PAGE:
He can also be regarded as a science enthusiast with his devotion to producing papers in academic journals. His works include “Probability Theory and the Doomsday Argument,” “A Shooting Room View of Doomsday,” and “Casual Time Asymetry.” He even donated $20 million to the Physical Sciences Division of the University of Chicago and regards it as “an investment in science, in the future, in the understanding of our world.”
- Dr. William A. Dunn
Before embarking in the world of trading, Bill was actively involved in systems analysis studies and operations research for the US government. He had a degree in Engineering Physics and a Theoretical Physics’ Doctor of Philosophy Degree.
He founded DUNN Capital Management in 1974 and is still an active futures investment manager today. Dunn currently foresees a $1 billion fund for his clients and according to research he has a “net” compounded annual return rate of 13.46%.Similar to Eckhardt, Dunn uses objective, systematic, and quantitative methods, most of which are based on statistics. This can be attributed to his degree in Engineering and Physics.Dunn also prides himself in being a trend follower. His system includes trading for a few times a year capitalizing on long-term or major trends.
- Paul Tudor Jones (1954 – Present)
Paul Tudor Jones, the founder of Tudor Investment Corporation studied Economics at the University of Virginia and started trading in 1976. Eli Tullis became his mentor at the New York Cotton Exchange were he traded cotton futures.
His investment corporation is responsible for a variety of assets including currencies, equities, commodity asset classes, fixed income assets, and derivatives. His God-like skills in trading earned him the title of one of Highest Earning Hedge Fund Managers by Forbes Magazine (February, 2013).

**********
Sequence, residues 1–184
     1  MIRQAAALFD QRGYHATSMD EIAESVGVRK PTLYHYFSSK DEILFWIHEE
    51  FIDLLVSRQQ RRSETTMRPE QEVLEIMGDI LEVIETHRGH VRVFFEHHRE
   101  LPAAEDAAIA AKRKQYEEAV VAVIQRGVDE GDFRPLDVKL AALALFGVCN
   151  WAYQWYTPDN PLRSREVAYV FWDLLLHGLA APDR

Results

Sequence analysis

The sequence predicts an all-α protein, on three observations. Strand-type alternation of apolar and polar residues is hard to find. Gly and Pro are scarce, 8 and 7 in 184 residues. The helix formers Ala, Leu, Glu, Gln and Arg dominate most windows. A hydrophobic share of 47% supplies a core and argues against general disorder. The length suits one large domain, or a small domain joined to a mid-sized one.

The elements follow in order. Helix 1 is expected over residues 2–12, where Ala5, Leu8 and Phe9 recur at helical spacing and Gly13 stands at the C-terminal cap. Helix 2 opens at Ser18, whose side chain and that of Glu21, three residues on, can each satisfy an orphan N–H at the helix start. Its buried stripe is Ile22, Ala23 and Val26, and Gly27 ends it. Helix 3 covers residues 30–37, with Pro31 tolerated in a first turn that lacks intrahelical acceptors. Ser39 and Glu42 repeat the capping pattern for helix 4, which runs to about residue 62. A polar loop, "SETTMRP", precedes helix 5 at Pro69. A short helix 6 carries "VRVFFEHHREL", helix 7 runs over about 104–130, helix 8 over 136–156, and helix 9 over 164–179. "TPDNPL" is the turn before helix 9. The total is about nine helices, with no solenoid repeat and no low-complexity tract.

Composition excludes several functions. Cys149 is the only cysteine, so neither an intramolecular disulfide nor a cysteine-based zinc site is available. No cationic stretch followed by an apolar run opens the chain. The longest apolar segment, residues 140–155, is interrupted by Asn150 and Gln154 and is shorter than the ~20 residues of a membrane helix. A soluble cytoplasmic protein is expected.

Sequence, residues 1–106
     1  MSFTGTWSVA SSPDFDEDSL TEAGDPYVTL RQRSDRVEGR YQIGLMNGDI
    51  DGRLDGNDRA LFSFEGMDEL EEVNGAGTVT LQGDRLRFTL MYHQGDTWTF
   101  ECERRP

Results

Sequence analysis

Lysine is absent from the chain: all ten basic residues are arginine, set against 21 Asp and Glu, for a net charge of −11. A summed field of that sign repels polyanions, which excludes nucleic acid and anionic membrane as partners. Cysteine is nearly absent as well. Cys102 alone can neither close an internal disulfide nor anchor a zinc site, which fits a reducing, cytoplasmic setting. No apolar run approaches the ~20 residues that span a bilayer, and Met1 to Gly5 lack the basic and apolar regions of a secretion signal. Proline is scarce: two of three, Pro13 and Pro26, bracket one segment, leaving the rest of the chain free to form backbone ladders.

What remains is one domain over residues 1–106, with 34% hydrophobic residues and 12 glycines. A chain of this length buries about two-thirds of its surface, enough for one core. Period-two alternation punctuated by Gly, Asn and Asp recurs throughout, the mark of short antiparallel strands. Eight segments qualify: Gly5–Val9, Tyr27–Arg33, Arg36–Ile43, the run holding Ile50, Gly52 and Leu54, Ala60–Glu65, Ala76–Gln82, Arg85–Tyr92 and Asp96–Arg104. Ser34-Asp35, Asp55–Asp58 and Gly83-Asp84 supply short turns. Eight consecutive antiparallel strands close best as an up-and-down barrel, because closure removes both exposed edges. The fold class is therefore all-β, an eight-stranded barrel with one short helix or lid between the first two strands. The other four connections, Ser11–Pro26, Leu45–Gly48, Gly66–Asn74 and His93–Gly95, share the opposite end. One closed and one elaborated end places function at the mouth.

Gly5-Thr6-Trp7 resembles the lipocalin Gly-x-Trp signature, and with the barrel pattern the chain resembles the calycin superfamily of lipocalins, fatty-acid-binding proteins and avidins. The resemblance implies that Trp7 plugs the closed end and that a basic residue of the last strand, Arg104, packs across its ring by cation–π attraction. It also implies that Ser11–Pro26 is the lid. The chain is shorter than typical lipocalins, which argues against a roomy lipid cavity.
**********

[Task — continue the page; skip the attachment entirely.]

In contrary to other hedge fund managers, Paul personally monitors his hedge fund investments. He is known for believing in constant improvement, implying that pride, ego, and overestimation of your abilities can hurt your career.
Being involved in different philanthropic acts, Paul proves that being a wealthy doesn’t equate to having a bad personality. He founded the Robin Hood Foundation, which is dedicated to fighting poverty, providing assistance to disaster victims, and funding efficient organizations in their philanthropic acts.
- George Soros
The self-made billionaire magnate George Soros is the Founder of Soros Fund Management. He studied at the London School of Economics and started his hedge fund in 1969. As of May 2014, Forbes regarded Soros as the 29th richest person in the world.
Soros is considered a legend by most traders. He is called “The Man Who Broke The Bank of England.” This came from his 1992 Black Wednesday trading stint where he shorted $10 billion worth of pounds and profited an astounding $1 billion.